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God Rock 

by Mike Corrigan


They used to call it gospel. But what began as the worship music of the faithful has, over the last 20 years, been transformed. In 2002, faith-based music is filling concert arenas and is beaming from both Christian and secular radio stations. Contemporary Christian music is on the rise. Overall, it still accounts for a small piece of the popular music pie -- but that piece is steadily growing. Last year, sales of Christian music were up while secular music sales slipped. What's going on here?


"Without getting too preachy, I think people are getting a clue," responds Dick Acker of People for Christ Ministry, a local organization that books and promotes Christian concerts and festivals all over the Northwest. "After 9/11, people realized that they're not totally in control of what's happening and are getting back to the basics."


Since 1993, the group has put on more than 200 concerts throughout Washington, Oregon, Idaho and Montana.


"When we started out, our motto was, 'Reaching people for Christ through Christian music.' It was initially geared to reaching the youth and since then, we've kind of broadened what we do. We are trying to evangelize and reach out to the unsaved with the music at the concerts but also lift up those that are already Christians."


Acker books everything from small worship events in churches to massive arena shows and festivals, such as last summer's Festival Con Dios at the Spokane Valley Mall, last month's Plus One show at the Opera House and the Jars of Clay show at the Opera House this Sunday.


"We do everything from mild to wild," he says.


Everything means just that. Today's contemporary Christian music manifests itself in a multitude of guises. In fact, much of it is stylistically indistinguishable from mainstream rock and pop. That's no coincidence. After fumbling for decades with music that was hopelessly lagging behind mainstream trends, Christian record labels (and their artists) have undergone a dramatic makeover. In addition, many are now owned by and distributed through mainstream major record companies, giving them access to the major's well-oiled marketing machinery. They are closing the gap by skillfully imitating current secular music styles, production and marketing techniques.


"I'd like to say it's all hard work, but it's marketing and networking within the Christian structure," admits Acker. "That all started happening about 10 to 12 years ago, and it's just been slowly emerging so that now whatever you have in the mainstream you'll have in the Christian market. Every kind of group as far as style is there -- pop, alternative, grunge, rap -- anything. You wouldn't even know it was Christian music."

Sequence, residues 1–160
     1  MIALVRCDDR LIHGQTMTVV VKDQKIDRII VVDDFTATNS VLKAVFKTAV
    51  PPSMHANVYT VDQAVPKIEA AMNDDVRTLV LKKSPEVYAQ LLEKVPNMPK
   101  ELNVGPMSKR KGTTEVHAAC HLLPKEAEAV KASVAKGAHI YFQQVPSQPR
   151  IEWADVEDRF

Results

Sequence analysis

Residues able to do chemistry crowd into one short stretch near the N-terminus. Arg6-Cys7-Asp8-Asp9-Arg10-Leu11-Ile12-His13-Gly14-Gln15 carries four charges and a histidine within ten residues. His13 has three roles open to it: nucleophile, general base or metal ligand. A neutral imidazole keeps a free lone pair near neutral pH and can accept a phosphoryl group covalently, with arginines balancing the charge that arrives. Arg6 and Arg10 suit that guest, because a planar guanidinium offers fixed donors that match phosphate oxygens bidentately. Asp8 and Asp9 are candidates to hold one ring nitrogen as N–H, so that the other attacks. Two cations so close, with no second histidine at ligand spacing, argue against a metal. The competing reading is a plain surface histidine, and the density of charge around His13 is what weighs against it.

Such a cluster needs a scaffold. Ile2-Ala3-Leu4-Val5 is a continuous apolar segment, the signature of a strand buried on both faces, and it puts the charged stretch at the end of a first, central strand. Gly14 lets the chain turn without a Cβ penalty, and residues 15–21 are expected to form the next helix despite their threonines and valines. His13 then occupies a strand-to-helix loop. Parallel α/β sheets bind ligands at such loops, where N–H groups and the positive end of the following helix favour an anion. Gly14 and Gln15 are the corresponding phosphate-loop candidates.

Critics take issue with contemporary Christian music in at least two areas. Many see it as merely a medium used to spread an ideology (in this case Christianity) with little if any inherent artistic validity. While it's absurd to throw all faith-based artists into one basket, most do seem to share a common goal (whether implied or explicit): the conversion of non-believers through witnessing. It may be hard or soft, but it's a sales pitch nevertheless, and one designed for maximum impact.


Says Acker: "You've got solid Christian groups that play Christian concerts like Jars of Clay or Third Day, and then you've got bands like Lifehouse or P.O.D. who are Christian but don't necessarily proclaim it quite as obviously. The reason they don't is because they feel they can get into markets they normally wouldn't by kind of taking a back seat to it."


Along those lines, some also perceive the Christian tag as a marketing tool, something readily manipulated in the quest for crossover success. Increased Christian record sales translate into big bucks for the record labels and their stable of artists. Not surprisingly, for every successful pop entity, there is a faith-based doppelganger. N'Sync has its Plus One. And what is ZOEgirl but a Spice Girls/Dixie Chicks/Britney distillation? You don't have to look very hard to uncover the marketing strategy at work there. It prompts the question: is it all about the Lord, or is it about money? In its bid for mainstream success has Christian music sold out?


"For awhile there, for a lot of the Christian artists, crossover was their goal," says Acker, who booked secular rock acts into Spokane for 20 years before specializing in Christian artists. "They would say it was so that they could go and minister to the unsaved, but in actuality it was obviously a lot more about success and money. The Christian artists out there today have kind of backed off from that and have adopted the attitude that if it happens, it happens. But secular companies own all the Christian labels now, and they realize there's a market there and the money's there. Even in our industry, the money still directs what happens."


Acker, for his part, is very open about his group's intentions and the function of contemporary Christian music within their ministry.


"The Franklin Graham thing is a perfect example of how times have changed," he says. "Billy Graham would go out in a suit and preach and it would be very formal. Franklin, his son, goes out there in a Hawaiian shirt and puts it across in a modernized way, trying to be relevant and current. We're not trying to ram this down anybody's throat. I just think it's easier to bring people in with the concerts, [for] people who would probably never cross the doorstep of a church. We know that seeds are planted. Things happen. If we can reach even one person, it's worth it."

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